This chapter develops the economics theory of demonstration projects and then investigates the role of one demonstration project – the Kendeda Building for Innovative Sustainable Design – at lowering information barriers for the adoption of innovative energy and environmental technologies. The KBISD demonstration project allows us to observe the formation of a network around a demonstration project and how attitudes and behaviors relating to environmental technologies permeate and disseminate throughout the network. This section presents results from an industry-wide survey as well as several dozen semi-structured interviews related to the KBISD. The interviews reveal motivations, challenges, innovations, costs, and risks associated with participation in a demonstration project, as well as key differences between this living building approach and design–bid–build approaches often employed in traditional buildings. It finds that, while working on the building was not affiliated with increased levels of technology familiarity prior to building construction, being affiliated with the US Green Building Council is highly correlated with increased knowledge of emergent technologies. This points to professional knowledge networks as having a key role in disseminating information regarding emergent technologies.
This chapter develops a theory to explain how demonstration projects can help facilitate transformation in the marketplace. This theory is based primarily on a single economic concept: The costs of acquiring and utilizing new information. Understanding the role that pilot and demonstration projects can play in disseminating information is crucial to understanding the prospects for market transformation. These information flows occur both on the supply side and demand side of the (building) technologies market. This chapter details how information flows across supply networks and throughout markets can eventually shift standard operating practices, though these results are hardly guaranteed. We speculate that geographic networks and communities of practice are largely responsible for leveraging information spillovers, lowering costs, and facilitating dissemination of innovative technologies.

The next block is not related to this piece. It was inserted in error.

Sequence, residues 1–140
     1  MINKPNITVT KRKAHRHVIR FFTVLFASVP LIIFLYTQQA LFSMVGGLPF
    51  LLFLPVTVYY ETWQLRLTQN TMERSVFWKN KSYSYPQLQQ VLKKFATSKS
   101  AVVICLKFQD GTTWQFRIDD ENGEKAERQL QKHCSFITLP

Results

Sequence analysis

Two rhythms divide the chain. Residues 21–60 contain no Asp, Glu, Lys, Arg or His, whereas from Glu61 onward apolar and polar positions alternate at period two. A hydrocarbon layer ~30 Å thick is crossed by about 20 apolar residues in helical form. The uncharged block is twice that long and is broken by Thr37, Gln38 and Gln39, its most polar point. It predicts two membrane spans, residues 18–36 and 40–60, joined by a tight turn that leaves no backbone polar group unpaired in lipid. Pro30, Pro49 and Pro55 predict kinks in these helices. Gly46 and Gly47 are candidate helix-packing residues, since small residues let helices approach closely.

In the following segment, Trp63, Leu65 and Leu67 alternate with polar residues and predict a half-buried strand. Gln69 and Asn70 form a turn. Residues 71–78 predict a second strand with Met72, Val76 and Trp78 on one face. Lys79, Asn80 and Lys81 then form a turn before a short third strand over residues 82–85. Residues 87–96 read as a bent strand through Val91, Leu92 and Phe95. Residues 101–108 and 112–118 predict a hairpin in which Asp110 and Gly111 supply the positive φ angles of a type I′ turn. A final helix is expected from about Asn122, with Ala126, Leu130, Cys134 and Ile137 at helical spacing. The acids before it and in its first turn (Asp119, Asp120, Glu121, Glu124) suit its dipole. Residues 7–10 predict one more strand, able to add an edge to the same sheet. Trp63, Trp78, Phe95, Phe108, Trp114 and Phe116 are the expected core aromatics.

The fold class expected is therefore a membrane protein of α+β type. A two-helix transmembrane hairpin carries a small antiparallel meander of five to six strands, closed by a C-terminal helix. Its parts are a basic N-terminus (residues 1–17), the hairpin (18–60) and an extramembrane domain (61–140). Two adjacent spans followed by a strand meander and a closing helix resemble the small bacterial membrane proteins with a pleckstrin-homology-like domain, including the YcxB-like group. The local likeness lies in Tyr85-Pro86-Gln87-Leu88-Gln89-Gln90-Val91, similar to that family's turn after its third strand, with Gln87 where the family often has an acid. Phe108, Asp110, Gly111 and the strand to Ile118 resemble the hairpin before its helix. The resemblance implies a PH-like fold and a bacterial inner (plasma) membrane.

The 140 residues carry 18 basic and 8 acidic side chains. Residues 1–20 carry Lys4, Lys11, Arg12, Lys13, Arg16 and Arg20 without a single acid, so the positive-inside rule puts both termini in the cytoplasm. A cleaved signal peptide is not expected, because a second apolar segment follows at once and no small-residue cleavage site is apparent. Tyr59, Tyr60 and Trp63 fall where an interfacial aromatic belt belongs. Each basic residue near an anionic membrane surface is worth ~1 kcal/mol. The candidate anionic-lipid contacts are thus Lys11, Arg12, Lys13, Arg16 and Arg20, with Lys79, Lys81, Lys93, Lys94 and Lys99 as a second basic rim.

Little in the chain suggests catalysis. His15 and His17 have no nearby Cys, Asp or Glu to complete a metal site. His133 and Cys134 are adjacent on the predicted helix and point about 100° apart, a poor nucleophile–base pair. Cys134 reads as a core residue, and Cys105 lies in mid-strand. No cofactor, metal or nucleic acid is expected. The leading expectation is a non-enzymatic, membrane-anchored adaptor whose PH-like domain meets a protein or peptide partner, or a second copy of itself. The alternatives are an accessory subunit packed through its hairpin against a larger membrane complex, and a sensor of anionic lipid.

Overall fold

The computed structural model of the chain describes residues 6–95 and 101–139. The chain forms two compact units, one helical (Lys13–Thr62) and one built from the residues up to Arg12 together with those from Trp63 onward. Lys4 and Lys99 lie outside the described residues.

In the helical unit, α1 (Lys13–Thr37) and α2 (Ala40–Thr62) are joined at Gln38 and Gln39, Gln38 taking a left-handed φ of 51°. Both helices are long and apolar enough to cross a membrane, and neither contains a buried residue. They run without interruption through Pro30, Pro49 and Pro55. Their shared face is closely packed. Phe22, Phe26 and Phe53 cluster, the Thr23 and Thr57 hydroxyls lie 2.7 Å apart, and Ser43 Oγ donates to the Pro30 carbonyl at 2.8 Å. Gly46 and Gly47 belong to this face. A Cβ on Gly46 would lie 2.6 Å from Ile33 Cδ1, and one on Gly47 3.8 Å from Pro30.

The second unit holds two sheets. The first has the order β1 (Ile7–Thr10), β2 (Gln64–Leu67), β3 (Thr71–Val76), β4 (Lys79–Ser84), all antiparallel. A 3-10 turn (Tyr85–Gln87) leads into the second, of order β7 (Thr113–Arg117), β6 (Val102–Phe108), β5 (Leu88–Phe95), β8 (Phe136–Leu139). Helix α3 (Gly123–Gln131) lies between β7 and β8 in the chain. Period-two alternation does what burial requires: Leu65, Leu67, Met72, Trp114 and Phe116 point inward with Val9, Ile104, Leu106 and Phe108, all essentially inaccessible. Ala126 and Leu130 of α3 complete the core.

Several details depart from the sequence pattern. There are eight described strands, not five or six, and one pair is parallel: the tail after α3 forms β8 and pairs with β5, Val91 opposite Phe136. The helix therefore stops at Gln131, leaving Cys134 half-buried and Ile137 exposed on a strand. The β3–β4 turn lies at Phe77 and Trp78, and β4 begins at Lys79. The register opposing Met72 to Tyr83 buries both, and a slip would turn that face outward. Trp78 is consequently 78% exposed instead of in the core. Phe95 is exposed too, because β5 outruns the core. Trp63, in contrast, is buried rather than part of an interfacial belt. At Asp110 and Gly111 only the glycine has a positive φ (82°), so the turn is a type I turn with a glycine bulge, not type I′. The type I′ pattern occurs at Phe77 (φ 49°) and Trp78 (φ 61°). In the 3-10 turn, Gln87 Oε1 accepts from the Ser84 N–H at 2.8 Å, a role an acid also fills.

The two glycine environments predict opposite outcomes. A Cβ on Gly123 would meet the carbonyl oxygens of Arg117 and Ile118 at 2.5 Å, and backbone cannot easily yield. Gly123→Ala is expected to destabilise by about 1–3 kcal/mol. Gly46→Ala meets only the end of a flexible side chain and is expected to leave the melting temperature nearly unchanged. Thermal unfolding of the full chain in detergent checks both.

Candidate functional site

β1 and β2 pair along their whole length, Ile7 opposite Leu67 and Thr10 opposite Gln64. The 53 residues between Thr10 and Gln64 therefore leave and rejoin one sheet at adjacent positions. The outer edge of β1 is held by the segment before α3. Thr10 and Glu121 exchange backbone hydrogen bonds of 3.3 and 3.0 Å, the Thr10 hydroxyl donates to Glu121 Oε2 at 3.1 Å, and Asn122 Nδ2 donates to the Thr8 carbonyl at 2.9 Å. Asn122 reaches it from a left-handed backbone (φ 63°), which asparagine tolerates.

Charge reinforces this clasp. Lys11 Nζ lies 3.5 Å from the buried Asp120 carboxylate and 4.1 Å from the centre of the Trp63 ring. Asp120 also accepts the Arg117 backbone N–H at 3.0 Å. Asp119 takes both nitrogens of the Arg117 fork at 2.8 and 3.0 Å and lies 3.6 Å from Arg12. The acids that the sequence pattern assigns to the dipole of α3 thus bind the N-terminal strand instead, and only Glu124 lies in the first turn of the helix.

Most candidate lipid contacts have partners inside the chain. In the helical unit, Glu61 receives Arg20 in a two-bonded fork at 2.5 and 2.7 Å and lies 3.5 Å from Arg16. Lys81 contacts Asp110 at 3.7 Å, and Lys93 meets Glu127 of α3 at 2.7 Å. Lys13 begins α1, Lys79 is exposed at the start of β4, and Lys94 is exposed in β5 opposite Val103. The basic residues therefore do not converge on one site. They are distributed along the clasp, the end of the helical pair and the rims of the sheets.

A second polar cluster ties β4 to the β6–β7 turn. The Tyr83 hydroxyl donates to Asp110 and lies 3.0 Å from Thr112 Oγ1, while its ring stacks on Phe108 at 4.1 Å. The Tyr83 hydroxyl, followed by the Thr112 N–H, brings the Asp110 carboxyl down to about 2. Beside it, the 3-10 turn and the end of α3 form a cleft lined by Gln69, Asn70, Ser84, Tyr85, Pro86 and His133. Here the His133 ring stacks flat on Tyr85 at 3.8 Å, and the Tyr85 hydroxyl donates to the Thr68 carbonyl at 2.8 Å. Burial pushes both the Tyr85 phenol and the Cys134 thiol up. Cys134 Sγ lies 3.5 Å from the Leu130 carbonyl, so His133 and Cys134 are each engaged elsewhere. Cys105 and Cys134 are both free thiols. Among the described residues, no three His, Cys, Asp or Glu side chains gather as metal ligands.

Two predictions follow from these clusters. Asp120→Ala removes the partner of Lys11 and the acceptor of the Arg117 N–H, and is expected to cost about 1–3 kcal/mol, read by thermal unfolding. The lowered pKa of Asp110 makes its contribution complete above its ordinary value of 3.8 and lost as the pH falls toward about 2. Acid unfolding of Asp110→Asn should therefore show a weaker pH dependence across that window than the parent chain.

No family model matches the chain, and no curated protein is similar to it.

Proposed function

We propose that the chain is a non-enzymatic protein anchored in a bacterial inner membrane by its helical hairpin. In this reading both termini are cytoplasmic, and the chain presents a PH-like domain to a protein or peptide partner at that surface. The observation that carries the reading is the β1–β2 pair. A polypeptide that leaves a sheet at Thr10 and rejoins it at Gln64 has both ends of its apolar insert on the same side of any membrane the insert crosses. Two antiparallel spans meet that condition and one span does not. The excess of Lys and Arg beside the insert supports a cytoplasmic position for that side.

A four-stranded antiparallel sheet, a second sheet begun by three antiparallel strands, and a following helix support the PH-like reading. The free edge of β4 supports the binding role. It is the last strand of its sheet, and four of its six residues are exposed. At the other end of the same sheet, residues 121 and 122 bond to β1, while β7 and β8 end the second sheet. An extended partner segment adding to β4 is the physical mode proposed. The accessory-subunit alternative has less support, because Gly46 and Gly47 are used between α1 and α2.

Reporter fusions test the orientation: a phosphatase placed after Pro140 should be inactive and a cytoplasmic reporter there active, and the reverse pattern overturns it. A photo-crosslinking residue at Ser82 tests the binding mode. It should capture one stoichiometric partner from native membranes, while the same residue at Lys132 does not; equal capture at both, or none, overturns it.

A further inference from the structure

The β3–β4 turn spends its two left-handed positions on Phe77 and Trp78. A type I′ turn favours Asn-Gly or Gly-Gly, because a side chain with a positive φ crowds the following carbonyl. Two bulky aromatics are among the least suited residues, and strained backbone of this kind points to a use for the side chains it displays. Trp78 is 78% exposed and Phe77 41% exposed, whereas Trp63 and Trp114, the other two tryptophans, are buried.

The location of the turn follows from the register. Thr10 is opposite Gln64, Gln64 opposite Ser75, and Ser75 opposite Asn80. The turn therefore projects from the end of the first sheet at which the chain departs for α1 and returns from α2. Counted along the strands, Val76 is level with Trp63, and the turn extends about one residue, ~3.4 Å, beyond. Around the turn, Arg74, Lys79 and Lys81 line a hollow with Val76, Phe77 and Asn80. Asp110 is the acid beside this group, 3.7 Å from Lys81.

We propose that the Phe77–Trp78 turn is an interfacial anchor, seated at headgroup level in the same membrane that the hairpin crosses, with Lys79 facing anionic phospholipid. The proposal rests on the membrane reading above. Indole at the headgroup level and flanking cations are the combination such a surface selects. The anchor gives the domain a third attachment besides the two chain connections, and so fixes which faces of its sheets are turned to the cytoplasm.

This chapter provides historical background on Asia, amid talks of an Asian twenty-first century. We show that Asia’s resurgence has been based on models that differ substantively from those of capitalist development in Europe and North America, not least through the heavy reliance on the state. Further, they have had many common features, not least being centred on the pervasive use of connections – familial, commercial and political. We term these networks as the connections world. Whilst this world has been supportive to growth and development, it contains major fallibilities. These include cronyism and its consequences – high inequality and corruption. In addition, the connections world breeds market power which impairs efficiency and innovation. The resulting structure of the economy also holds back the creation of good jobs. Much of the connections world is also associated with autocracy or heavily managed democracies and this introduces risks of instability. As such, the broad model that has helped Asia grow so strongly is less likely to be so supportive in future. Rethinking the connections world will be required – not an easy task given strongly embedded and resilient foundations.